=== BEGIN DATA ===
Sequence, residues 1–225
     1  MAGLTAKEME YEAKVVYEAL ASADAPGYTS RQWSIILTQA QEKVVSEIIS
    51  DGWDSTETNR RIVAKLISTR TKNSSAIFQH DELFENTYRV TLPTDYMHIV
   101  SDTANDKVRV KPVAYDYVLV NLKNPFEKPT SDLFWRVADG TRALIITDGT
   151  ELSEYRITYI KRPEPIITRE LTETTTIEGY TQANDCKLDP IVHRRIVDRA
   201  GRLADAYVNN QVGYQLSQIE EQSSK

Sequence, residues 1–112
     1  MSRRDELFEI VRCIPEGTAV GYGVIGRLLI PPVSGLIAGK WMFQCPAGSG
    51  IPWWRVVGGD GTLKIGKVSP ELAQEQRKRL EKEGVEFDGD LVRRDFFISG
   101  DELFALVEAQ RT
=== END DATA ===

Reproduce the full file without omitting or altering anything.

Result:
Sequence, residues 1–225
     1  MAGLTAKEME YEAKVVYEAL ASADAPGYTS RQWSIILTQA QEKVVSEIIS
    51  DGWDSTETNR RIVAKLISTR TKNSSAIFQH DELFENTYRV TLPTDYMHIV
   101  SDTANDKVRV KPVAYDYVLV NLKNPFEKPT SDLFWRVADG TRALIITDGT
   151  ELSEYRITYI KRPEPIITRE LTETTTIEGY TQANDCKLDP IVHRRIVDRA
   201  GRLADAYVNN QVGYQLSQIE EQSSK

Sequence, residues 1–112
     1  MSRRDELFEI VRCIPEGTAV GYGVIGRLLI PPVSGLIAGK WMFQCPAGSG
    51  IPWWRVVGGD GTLKIGKVSP ELAQEQRKRL EKEGVEFDGD LVRRDFFISG
   101  DELFALVEAQ RT